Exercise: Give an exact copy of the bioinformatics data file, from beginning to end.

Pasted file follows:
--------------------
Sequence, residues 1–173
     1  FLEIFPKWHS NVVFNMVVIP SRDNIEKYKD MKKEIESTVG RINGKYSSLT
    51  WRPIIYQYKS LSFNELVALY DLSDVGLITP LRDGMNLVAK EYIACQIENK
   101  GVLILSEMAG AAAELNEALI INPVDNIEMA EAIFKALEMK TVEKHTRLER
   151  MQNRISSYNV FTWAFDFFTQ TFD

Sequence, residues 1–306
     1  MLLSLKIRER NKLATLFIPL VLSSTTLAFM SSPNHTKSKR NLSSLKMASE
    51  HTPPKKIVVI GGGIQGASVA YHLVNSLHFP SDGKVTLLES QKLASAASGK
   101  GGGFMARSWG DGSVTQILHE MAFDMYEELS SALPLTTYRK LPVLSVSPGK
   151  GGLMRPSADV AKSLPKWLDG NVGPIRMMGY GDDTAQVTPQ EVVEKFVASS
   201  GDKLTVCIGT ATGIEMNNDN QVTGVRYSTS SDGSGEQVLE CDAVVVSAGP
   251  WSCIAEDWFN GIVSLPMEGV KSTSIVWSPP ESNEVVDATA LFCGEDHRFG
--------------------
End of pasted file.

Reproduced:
Sequence, residues 1–173
     1  FLEIFPKWHS NVVFNMVVIP SRDNIEKYKD MKKEIESTVG RINGKYSSLT
    51  WRPIIYQYKS LSFNELVALY DLSDVGLITP LRDGMNLVAK EYIACQIENK
   101  GVLILSEMAG AAAELNEALI INPVDNIEMA EAIFKALEMK TVEKHTRLER
   151  MQNRISSYNV FTWAFDFFTQ TFD

Sequence, residues 1–306
     1  MLLSLKIRER NKLATLFIPL VLSSTTLAFM SSPNHTKSKR NLSSLKMASE
    51  HTPPKKIVVI GGGIQGASVA YHLVNSLHFP SDGKVTLLES QKLASAASGK
   101  GGGFMARSWG DGSVTQILHE MAFDMYEELS SALPLTTYRK LPVLSVSPGK
   151  GGLMRPSADV AKSLPKWLDG NVGPIRMMGY GDDTAQVTPQ EVVEKFVASS
   201  GDKLTVCIGT ATGIEMNNDN QVTGVRYSTS SDGSGEQVLE CDAVVVSAGP
   251  WSCIAEDWFN GIVSLPMEGV KSTSIVWSPP ESNEVVDATA LFCGEDHRFG